Rural and Remote Health Journal photo
African section Asian section Australasian section European section International section Latin American section
home
login/register
current articles
contribute
information for authors
status/user profile
links/forums
about us

Original Research

Factors of primary care demand: a case study

Submitted: 5 May 2010
Revised: 18 August 2010
Published: 2 November 2010

Author(s) : Zubieta L, Bequet SAF.

Citation: Zubieta L, Bequet SAF.  Factors of primary care demand: a case study. Rural and Remote Health (Internet) 2010; 10: 1520. Available: http://www.rrh.org.au/articles/subviewnew.asp?ArticleID=1520 (Accessed 24 October 2017)

[View Author Details]

ABSTRACT

Introduction:  Primary care facilities in many parts of Quebec, Canada, are under pressure because of staff shortages, service instability, increasing requests from an aging population, and uncoordinated, fragmented delivery of care. Resource allocation in one facility is often made with an approximate knowledge of its impact on other facilities nearby. Unanticipated overflows may affect patients’ health and staff morale. The main purpose of this study was to use consolidated administrative data in order to find the factors that better explain the choice of patients in Val Saint-Francois, a rural area of Quebec.
Methods:  Administrative data relating to medical visits were linked to 6 primary care facilities over a period of 4 years. A classification tree algorithm generated users’ profiles of facility choice, which was explored for frequency of use and related changes in preference, and for changes in levels of service. The factors used were: age, sex, postal code, and date of visit.
Results:  Community was the major explanatory factor for patients’ choice of facility, probably reflecting a tendency to use the closest facility. Older men and women tended to use appointment-based clinics more regularly than those who were younger. It was noted that younger men selected emergency rooms more often than young women, with the difference cancelling out as they age. The classification tree determined age thresholds for changing behaviours but also found dates when profiles changed within the same age–sex group. Later examination of service levels revealed that profile changes were subsequent to modifications in service operating hours.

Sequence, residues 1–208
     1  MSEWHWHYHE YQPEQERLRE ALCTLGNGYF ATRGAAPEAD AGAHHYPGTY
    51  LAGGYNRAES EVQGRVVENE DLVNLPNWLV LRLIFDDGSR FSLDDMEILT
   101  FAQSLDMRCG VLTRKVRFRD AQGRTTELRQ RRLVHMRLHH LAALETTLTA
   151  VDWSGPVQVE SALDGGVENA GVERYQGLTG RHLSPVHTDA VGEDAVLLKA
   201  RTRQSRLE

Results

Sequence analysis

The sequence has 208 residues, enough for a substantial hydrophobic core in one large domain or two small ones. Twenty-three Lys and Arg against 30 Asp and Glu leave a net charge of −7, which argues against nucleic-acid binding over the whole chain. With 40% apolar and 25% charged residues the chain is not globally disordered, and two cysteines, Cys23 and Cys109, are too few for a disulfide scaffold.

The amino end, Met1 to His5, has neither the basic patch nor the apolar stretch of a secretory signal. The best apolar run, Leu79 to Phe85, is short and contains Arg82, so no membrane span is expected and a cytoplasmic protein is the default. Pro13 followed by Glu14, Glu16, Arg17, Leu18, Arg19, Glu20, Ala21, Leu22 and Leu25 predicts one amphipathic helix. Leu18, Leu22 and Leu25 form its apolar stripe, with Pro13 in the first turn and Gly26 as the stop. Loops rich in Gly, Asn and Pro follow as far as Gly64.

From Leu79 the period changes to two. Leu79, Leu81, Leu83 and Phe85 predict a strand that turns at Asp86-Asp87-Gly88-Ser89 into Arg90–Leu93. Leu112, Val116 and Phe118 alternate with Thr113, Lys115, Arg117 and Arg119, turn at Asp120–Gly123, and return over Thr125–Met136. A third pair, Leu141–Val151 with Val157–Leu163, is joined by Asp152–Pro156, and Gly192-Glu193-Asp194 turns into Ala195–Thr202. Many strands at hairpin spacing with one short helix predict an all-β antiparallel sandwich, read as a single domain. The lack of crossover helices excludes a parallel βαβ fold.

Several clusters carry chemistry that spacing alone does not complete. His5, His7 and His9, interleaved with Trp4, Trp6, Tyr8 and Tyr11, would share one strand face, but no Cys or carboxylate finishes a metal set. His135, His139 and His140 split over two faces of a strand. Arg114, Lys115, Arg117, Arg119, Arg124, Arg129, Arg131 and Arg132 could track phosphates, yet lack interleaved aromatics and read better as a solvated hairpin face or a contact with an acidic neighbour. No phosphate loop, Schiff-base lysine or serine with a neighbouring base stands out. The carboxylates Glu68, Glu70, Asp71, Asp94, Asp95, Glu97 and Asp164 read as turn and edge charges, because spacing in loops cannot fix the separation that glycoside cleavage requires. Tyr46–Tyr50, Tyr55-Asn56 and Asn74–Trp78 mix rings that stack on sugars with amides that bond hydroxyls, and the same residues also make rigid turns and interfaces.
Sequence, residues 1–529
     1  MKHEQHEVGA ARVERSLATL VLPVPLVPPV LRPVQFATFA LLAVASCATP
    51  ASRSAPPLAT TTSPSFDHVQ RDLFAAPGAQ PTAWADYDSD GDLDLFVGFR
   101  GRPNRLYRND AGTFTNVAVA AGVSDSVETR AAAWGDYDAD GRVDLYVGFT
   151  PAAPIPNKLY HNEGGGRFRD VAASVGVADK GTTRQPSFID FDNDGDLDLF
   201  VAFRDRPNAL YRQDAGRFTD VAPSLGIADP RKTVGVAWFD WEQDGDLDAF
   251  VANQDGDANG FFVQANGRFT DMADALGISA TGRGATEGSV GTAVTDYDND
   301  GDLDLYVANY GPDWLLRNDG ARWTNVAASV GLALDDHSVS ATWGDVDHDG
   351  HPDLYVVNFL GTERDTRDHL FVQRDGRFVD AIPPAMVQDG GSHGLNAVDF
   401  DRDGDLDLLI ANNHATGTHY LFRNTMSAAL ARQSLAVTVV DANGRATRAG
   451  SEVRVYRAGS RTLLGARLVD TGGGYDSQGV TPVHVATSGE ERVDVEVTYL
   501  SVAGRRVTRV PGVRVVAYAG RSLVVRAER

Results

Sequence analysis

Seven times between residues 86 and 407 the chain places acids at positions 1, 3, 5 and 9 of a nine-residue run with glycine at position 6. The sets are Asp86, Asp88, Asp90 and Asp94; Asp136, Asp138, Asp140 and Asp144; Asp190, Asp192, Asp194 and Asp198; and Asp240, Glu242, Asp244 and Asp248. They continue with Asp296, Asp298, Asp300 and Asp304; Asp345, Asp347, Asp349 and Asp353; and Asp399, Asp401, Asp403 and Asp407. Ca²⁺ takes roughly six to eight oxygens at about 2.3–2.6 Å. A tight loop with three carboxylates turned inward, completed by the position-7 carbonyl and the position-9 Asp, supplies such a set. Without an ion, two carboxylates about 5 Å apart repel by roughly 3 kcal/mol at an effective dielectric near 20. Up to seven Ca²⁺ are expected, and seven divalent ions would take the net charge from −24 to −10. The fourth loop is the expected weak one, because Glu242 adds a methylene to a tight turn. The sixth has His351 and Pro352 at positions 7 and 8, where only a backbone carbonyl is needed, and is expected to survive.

Conclusions:  Evidence was found that predisposing factors (age and sex) with community enabling factors (distance) affected people’s choice of healthcare facility. Changes in some patients’ profiles corresponded to changes in service levels, proving that a modification of service hours in one facility affects demand in other facilities in a way that can be quantified. It is important to measure the effect of service changes on patients’ choices for a more efficient allocation of resources.

Key words: Canada, classification trees, patient choices, primary care utilization.

ARTICLE

Introduction

Health care in Canada is open to all Canadians and landed immigrants. It allows individuals to choose their primary care provider, whether in clinics, emergency rooms, or doctors’ rooms. In Quebec, the number of family physicians approved to practice in a regional area is a complex process determined by the Ministry of Health. Although in the province of Quebec 75% of the population is said to have a family doctor1, rural regions experience difficulties in attracting sufficient family physicians. The system’s capacity to satisfy the demand of the population to consult a doctor has been subject to many constraints and variations. The use of regional emergency room (ER) services for non-urgent health problems is increasing at the disturbing rate of 4.9% per year2 with a possible link to the lack of other alternatives. Drivers to potentially reduce demand for health care include the evolution of shifts in healthcare institutions that affect the level and type of services demanded3.

Demand for health care has been studied for many years. Since the 1960s, Andersen’s Health Care Utilisation Model has been used, adapted, and modified to integrate the ‘who’s and the why’s of health services’ use’4. The original model suggested that the use of healthcare services is a function of a person’s predisposition to use services, factors enabling or impeding their use, and the person’s need for care. Among those predisposing factors were demographics (eg age and sex), social structure (eg social networks and interactions) and health beliefs. Enabling factors included health personnel and facilities, education and income, waiting times and distance. ‘Need for care’ includes the person’s assessment of his/her general health and functional state. Environment and provider-level measures are necessary but not sufficient conditions because perceived or evaluated need is required for utilization to take place5. But how to measure the influence of those factors?

Studies involving use of services of a large population are uncommon. An exception is the Manitoba Centre for Health Policy. In their 2009 report, it was found that use of physicians was significantly related to income in rural areas, but not urban areas6. For both sexes, the crude rates of ambulatory visits to physicians were similar over time with two noticeable changes since 2003: children and young adults rates were lower, and oldest residents’ rates were higher.